Japan's Tankan survey for the three months to December shows business sentiment in the manufacturing sector has improved compared with earlier in the year but remains somewhat weaker than reported in 2014 and 2015. Business sentiment in the non-manufacturing sector remains stronger but was largely changed from the previous quarter.
For manufacturers, the business conditions index rose from 6 in the three months to September to 10 in the three months to December for large enterprises, better than the consensus forecast for an increase to 7. This index ranged between 12 and 17 over 2014 and 2015. The equivalent index rose from 3 to 6 for medium-sized manufacturers and from -3 to 1 for small manufacturers. For non-manufacturers, the business condition index was steady at 18 for large firms, rose from 15 to 16 for medium-sized firms, and rose from 1 to 2 for small firms.
For all industries, large firms forecast capital expenditures in the fiscal year ending in March 2017 to increase by 5.5 percent year-on-year, down from an estimate of 6.3 percent last quarter and weaker than the consensus forecast of 6.1 percent. Manufacturers expect their capex will increase by 11.2 percent, while non-manufacturing firms forecast an increase of 2.5 percent. Medium-sized and small firms across both sectors forecast capex to fall year-on-year in the current fiscal year, resulting in an aggregate forecast for an increase of 1.8 percent year-on-year, up from an estimate of 1.3 percent last quarter.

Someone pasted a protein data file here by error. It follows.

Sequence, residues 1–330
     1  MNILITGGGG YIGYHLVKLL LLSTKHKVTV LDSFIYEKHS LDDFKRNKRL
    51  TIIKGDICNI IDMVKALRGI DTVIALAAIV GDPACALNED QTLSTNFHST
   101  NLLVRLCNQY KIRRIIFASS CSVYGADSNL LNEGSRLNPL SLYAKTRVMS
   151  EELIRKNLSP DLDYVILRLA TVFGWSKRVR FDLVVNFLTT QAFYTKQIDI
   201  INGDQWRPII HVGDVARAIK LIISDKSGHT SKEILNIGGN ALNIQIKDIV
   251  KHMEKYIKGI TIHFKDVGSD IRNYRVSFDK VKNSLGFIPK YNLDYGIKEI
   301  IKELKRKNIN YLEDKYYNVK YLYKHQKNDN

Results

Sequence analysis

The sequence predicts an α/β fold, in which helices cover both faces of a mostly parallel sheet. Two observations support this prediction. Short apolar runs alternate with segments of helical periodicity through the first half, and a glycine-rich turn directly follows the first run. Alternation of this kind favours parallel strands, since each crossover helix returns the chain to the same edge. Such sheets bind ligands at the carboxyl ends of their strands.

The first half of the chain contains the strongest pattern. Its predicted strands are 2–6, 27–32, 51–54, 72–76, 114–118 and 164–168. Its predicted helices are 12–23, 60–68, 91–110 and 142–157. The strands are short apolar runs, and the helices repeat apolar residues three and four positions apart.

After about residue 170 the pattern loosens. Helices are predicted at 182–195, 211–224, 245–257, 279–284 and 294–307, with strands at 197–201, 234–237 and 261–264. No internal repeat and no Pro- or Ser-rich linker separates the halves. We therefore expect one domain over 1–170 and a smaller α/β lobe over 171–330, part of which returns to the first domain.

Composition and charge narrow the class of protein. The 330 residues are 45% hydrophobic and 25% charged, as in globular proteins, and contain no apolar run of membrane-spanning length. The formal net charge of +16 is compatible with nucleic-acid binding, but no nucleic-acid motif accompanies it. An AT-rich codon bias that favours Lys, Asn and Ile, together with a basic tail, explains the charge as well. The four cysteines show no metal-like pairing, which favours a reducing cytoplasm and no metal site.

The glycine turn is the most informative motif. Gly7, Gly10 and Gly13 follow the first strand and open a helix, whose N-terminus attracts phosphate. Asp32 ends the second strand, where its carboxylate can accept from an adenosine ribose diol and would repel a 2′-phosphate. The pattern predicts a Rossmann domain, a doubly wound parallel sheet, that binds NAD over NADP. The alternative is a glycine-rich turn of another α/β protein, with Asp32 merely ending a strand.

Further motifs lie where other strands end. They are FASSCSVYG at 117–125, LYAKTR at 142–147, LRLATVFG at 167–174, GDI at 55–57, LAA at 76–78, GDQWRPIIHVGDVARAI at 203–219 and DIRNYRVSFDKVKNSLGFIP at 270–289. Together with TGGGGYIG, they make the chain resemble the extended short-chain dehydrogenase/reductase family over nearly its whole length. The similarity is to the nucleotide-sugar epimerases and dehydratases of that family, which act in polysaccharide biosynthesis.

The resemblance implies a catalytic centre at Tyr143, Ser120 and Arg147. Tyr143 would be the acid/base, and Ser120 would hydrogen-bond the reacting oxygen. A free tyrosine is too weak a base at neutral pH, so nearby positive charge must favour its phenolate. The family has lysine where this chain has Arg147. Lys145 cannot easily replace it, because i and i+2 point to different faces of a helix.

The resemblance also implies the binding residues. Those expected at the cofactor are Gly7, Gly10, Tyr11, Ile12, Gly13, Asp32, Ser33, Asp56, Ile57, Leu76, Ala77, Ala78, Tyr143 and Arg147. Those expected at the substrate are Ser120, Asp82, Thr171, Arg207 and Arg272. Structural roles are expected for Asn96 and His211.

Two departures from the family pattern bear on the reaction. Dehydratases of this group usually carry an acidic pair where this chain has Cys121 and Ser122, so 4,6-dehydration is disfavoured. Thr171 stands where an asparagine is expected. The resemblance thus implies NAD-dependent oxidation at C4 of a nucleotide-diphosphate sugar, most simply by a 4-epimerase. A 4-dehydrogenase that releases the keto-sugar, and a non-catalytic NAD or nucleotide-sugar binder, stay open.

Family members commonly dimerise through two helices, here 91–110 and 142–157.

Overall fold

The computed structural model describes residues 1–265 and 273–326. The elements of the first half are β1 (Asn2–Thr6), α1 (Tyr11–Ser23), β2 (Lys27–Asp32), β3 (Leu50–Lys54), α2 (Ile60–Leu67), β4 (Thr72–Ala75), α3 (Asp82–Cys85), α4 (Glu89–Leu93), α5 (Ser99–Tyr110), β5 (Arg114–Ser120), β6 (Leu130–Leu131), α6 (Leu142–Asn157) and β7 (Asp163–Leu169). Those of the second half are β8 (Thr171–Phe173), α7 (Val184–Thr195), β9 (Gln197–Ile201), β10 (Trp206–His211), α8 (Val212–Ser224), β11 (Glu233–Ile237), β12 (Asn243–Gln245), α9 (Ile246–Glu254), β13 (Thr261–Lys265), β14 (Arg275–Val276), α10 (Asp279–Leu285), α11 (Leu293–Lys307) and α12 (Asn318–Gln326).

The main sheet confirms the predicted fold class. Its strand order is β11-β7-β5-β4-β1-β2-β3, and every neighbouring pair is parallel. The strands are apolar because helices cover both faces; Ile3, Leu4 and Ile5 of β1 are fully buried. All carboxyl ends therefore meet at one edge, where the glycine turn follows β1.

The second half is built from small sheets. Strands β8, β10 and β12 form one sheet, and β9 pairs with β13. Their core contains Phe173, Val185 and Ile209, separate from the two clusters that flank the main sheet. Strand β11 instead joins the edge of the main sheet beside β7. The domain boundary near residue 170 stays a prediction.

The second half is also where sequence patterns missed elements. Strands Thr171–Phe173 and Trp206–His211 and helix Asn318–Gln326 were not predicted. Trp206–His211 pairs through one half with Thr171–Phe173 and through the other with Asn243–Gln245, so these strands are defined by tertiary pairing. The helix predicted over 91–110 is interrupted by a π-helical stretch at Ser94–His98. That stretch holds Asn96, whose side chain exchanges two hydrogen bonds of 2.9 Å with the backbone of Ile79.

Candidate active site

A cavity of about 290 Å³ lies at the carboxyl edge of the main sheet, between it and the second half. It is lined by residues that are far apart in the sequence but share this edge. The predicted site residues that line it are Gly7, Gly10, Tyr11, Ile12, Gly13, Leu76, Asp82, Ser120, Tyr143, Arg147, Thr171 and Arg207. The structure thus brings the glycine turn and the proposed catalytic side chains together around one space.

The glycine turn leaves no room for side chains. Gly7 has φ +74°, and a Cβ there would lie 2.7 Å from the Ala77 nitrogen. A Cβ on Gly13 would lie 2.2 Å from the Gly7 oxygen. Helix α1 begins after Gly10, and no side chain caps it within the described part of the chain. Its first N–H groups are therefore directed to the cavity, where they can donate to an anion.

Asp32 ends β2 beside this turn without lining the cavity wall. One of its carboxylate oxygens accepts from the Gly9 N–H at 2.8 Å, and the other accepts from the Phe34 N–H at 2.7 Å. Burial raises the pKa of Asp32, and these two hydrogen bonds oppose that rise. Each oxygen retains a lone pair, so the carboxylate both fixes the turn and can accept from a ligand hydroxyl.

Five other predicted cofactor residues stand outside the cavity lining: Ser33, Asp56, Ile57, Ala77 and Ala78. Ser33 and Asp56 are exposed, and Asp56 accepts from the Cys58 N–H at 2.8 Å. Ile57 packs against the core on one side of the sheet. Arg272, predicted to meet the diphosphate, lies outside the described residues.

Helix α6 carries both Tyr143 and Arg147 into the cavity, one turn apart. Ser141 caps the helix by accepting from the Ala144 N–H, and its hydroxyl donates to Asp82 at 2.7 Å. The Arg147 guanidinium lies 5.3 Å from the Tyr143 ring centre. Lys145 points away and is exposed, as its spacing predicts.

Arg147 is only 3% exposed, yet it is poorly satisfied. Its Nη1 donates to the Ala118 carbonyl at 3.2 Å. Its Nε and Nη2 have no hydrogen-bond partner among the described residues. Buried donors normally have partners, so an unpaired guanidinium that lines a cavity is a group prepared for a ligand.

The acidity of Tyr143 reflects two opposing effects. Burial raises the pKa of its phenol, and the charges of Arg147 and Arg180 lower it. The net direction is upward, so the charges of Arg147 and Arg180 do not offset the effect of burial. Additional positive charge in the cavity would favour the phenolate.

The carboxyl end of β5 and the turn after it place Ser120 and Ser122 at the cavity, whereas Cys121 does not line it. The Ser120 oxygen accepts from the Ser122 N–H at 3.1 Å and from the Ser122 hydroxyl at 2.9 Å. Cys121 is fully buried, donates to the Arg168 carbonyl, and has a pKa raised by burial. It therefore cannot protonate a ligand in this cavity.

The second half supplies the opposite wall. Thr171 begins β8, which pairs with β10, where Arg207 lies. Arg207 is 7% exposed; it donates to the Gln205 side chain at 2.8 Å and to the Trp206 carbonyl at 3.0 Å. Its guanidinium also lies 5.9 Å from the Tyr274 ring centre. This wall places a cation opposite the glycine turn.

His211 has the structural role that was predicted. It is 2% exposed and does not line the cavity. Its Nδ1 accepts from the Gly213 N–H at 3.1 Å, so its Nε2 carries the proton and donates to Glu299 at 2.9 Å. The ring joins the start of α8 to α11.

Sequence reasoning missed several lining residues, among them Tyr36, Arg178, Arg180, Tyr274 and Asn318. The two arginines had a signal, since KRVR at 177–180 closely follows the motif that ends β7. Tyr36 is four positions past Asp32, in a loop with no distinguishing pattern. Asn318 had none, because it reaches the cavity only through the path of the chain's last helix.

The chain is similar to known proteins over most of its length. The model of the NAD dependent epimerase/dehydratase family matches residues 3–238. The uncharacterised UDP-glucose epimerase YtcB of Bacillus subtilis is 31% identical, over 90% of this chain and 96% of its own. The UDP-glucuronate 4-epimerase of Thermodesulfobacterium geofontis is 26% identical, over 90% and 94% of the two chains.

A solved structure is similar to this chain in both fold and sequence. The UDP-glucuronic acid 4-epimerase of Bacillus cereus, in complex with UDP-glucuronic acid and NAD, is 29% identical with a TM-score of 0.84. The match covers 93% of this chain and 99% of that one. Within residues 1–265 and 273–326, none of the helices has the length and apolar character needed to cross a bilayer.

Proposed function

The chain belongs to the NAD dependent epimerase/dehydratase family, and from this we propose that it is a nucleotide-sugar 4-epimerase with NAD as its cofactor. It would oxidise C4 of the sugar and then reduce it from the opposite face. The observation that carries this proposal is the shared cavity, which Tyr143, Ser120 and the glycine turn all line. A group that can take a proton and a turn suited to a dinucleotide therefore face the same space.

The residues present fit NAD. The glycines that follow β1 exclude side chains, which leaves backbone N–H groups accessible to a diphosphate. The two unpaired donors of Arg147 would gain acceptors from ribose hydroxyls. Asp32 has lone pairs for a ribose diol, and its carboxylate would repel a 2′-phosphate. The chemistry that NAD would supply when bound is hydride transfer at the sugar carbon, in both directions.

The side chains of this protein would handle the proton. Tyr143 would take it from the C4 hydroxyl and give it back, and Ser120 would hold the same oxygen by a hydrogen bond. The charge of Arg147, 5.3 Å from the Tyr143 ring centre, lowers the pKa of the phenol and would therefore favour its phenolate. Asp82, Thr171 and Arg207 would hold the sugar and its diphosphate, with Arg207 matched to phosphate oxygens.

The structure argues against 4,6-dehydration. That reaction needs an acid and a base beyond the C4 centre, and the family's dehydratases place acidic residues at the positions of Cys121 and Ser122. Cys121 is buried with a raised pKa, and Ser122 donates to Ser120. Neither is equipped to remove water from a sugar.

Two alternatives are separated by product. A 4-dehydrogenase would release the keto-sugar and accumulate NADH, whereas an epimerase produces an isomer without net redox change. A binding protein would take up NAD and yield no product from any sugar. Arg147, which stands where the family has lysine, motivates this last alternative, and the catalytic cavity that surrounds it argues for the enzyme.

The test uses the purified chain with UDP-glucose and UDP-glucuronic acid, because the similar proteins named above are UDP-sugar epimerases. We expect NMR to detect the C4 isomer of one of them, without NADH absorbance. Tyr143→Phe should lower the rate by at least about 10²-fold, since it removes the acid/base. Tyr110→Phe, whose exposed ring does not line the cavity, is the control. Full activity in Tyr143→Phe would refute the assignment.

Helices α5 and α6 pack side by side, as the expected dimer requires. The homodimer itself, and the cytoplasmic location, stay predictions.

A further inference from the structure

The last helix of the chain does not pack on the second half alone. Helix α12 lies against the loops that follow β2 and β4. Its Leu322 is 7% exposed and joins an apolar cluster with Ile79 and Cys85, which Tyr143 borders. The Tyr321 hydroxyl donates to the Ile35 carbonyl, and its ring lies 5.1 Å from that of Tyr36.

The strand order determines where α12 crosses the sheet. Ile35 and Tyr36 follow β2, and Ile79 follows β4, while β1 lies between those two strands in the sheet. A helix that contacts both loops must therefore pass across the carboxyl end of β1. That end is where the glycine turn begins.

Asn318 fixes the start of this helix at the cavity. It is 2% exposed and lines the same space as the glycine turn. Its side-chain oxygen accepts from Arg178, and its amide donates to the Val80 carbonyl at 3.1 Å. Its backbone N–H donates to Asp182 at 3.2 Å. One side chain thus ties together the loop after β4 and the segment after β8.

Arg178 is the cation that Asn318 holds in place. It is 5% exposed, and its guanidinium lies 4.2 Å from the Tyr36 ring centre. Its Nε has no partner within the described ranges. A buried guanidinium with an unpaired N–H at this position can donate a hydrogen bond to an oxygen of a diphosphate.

The Tankan survey, which is conducted quarterly by the Bank of Japan, is considered the most complete reading of Japan's economic performance. The Tankan surveys individual components of the economy such as large and small manufacturing and nonmanufacturing enterprises. A key component of the survey deals with capital expenditures (CAPEX) going forward.
The Bank of Japan's Tankan survey is considered one of the most important indicators of the economy's health and helps the Bank of Japan determine monetary policy. It is widely used by investors to determine future investments in Japan. Firms are asked questions that cover a wide range of topics including the future direction of capital expenditure and pricing as well as the corporate outlook towards employment and the overall economy.
The data are broken down by large, medium and small manufacturers as well as the non-manufacturing sectors. A key number to watch is the all industries capital expenditure or CAPEX measures capital expenditure by all Japanese industries except the financial industry. The large manufacturers' index reflects the large international companies while the small manufacturers' index is reflects the domestic economy.